To be clear, there are thousands around the world personally touched by the devastation of Covid-19. The following, if I am lucky like millions of others, is my reflection on future daily life as it might be on the fringes of the pandemic.
Poets, writers, musicians, artists are the forecasters for the future as well as documentarians of the past. Their contributions are expected, especially when times are tough.
So, why am I struggling as a writer? Never one to be shy about sharing feelings or supposed wisdom that comes with living a long life (okay, a moderately long life), so, why the struggle?
I know exactly why. Newscasters, journalists, and politicians’ blather on about getting back to “normal”, getting back to “the way it was before.”
I have a news flash of my own. It is NEVER going back the “way it was before.” There has to be a NEW NORMAL!
Think about it or better yet, let me help you think about it, by listing a few realities for said future. I’m sure you’ll think of more on your own.
- Handshakes are out of the question.
In the past, I’ve always liked to shake someone’s hand. With a career in a male dominated world, an extended hand followed by a firm grip put me in on equal footing from the start (if not in control). With friends, a warm hug was desirable. But let’s get real. Have you seen all the videos of handwashing and how unlikely sanitation is actually achieved? How long once the Stay Home/Stay Safe edict is lifted that appropriate attention will be paid to washing one’s hands? Wiping down railings and doorknobs? I predict in an effort to get on with life as we knew it, most people will hastily reduce the time spent with soap and running water.
- Dining out.
Like many of you, eating out was one of my pleasures. Once a week, a different restaurant would be chosen, a leisurely meal enjoyed, and ultimately, a return to a home free of dirty dishes. It’s been close to two months since that scenario has played out and, frankly, I don’t see it happening again for a long time. We can still have our favorite restaurants and Take Out is an option and will remain so. It’s not that I’m uncomfortable with the waiters or the chefs, (well, not too uncomfortable), but unless I’m the only customer, I have to question anyone seated nearby. After all, who among us has lived through an airborne pandemic?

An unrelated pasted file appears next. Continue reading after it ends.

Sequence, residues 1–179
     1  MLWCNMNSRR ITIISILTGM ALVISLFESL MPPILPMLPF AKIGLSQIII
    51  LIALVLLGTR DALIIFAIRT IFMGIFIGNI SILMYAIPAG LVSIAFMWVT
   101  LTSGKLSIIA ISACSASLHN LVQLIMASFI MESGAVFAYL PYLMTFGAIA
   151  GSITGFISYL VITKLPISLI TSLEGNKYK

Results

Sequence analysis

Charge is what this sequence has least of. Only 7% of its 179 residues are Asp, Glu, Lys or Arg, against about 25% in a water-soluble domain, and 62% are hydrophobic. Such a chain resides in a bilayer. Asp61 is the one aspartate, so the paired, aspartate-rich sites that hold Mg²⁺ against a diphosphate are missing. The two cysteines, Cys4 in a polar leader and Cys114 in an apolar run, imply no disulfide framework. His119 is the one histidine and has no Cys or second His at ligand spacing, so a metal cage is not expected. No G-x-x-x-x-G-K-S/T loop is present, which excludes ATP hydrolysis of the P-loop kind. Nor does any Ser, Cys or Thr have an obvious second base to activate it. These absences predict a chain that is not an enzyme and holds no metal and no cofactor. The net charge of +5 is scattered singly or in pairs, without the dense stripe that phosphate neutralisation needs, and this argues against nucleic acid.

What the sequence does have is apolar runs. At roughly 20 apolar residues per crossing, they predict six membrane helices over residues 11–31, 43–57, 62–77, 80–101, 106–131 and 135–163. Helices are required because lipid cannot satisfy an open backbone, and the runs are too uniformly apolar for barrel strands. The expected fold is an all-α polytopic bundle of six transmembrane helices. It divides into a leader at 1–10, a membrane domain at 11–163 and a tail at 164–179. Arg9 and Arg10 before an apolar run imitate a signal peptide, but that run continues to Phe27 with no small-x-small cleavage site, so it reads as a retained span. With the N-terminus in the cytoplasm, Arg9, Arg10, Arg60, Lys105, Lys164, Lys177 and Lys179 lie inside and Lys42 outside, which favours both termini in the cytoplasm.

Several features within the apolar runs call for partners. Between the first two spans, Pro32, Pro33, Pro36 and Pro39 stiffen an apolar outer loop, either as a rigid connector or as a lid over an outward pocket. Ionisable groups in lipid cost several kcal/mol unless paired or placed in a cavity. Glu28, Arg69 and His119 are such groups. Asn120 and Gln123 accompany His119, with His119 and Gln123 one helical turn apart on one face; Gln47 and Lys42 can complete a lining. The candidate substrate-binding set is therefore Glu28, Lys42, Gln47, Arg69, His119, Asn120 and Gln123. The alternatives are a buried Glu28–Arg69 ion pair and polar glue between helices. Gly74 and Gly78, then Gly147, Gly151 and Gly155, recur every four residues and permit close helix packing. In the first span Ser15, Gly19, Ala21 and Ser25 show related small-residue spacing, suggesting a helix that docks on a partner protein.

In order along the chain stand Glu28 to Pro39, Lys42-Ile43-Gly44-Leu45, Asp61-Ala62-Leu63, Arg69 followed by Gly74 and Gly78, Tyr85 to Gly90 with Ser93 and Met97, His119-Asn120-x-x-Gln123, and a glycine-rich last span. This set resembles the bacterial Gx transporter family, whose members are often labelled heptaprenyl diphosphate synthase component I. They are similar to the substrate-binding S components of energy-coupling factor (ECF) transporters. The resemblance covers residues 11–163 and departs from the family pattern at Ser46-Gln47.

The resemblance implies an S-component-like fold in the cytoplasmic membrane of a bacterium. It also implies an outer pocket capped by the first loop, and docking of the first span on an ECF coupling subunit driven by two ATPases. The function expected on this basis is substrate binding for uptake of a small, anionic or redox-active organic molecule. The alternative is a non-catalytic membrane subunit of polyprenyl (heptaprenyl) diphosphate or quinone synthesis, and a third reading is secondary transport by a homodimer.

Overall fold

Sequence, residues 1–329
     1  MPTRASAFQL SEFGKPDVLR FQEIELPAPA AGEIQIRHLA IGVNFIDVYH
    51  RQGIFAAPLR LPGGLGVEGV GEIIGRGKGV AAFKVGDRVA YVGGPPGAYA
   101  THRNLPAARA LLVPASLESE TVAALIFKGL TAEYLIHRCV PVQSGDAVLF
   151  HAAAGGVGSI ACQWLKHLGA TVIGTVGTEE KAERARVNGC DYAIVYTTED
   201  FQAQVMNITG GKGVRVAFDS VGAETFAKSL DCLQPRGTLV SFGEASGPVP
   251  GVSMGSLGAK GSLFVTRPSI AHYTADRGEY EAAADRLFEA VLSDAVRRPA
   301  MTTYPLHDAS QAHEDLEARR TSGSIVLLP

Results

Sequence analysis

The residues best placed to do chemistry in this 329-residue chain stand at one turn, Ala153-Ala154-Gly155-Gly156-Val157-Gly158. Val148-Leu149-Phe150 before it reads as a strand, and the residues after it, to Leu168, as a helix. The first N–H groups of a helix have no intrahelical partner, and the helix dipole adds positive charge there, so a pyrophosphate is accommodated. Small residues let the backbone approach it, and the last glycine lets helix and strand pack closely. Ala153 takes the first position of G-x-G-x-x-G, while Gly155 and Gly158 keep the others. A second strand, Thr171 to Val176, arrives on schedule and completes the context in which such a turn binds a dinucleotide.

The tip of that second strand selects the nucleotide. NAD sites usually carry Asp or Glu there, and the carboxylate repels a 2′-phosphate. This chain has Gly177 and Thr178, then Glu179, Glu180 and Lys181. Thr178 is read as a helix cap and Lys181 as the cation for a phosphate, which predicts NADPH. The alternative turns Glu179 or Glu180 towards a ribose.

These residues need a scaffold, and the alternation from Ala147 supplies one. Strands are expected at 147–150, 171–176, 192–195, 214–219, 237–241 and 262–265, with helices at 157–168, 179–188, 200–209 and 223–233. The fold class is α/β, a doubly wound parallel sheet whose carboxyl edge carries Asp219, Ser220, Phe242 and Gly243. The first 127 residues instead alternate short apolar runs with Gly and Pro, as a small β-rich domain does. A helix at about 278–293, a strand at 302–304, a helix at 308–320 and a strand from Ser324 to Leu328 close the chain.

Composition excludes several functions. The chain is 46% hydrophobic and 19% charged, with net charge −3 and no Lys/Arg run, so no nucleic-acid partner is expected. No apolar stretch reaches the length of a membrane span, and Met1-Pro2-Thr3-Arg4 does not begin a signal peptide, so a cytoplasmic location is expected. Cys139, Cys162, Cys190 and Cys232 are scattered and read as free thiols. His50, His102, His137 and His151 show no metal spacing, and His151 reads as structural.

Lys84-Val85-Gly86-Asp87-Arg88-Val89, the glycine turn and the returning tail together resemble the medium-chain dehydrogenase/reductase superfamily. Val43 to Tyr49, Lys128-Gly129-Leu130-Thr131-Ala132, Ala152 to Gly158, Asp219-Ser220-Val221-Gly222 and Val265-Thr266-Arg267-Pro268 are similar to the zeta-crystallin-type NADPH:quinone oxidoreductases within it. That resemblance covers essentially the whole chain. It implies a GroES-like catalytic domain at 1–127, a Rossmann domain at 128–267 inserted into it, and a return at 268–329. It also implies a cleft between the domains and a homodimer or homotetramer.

- Going to the movies.
Rather not going to the movies ever again, is a no brainer. When I was in elementary school my mother warned me not to lean my head against the theater seat lest I contact ringworm. Now, one cough from the row behind would have me speeding toward the exit during the previews. Thank goodness for the zillion streaming networks and big screen TVs. We can make our own popcorn.
- Night at the theatre.
Alas, the same cannot be said for live theatre. Similar dilemmas – large crowds in crowded spaces. I’ve been fortunate in my lifetime to witness incredible performances that still touch my heart even after years have passed; Cicely Tyson in A Trip to Bountiful, Philip Seymore Hoffman in Death of a Salesman, Hamilton – twice! Live concerts (Leontyne Price and Frank Sinatra), lectures (Gore Vidal and Howard Zinn), book/poetry readings (Gordon Parks and Claire Bloom) to name only a few that were readily available. Over the years my only regret is that I didn’t save Playbills and programs. How’s theatre going to work going forward? I’ll miss it terribly.
Walls in my home are filled with photographs and souvenirs from North America, Asia, Africa, and Europe. A planned trip to Central America may or may not happen and if it does happen, when? 2021? 2022? Seeing the world and experiencing other cultures is an education unmatched by any university. I feel fortunate to have had opportunities to travel and hope that my last trip to Africa will not be my last.
Those are simply a few things that won’t apply to the future; that can’t be part of the New Normal. Is there any good news that we can look forward to once the pandemic is, for lack of a better word, tamed? We must remain positive. We need to remain optimistic. Let the scientists push forward for a vaccine. It is far beyond my scope to rush false cures. Take the time. Get it right.
In the meantime:
- How fortunate to be well. Never take good health for granted. As the tally rises daily with deaths and more people become exposed, treasure every day of good health.
- My wife is an essential worker, so we have a paycheck. I am very aware not everyone is as fortunate. It’s vital to look for ways to reach out to others in need.
3. Read. Maybe people are reading more, I hope so. My shelves are packed with fiction and non-fiction, some dogeared, some never cracked open. What a joy to have the world at our fingertips, even it is experienced at our home address.
- The best thing happening now. I hope this will absolutely be a part of the New Normal, is that we’re talking to one another! Once a day, I call someone to see how they’re doing. I make no bones of the fact that I am the beneficiary of the time spent on the phone. (I only text now to arrange a good time to talk.) I also say “hello” to my neighbors, even when they are across the street. I want to make sure they know I’m here and I know they’re there and if we ever need each other we won’t be strangers knocking on doors.
New normal? It truly remains to be seen. In the meantime…
Stay Safe / Stay Home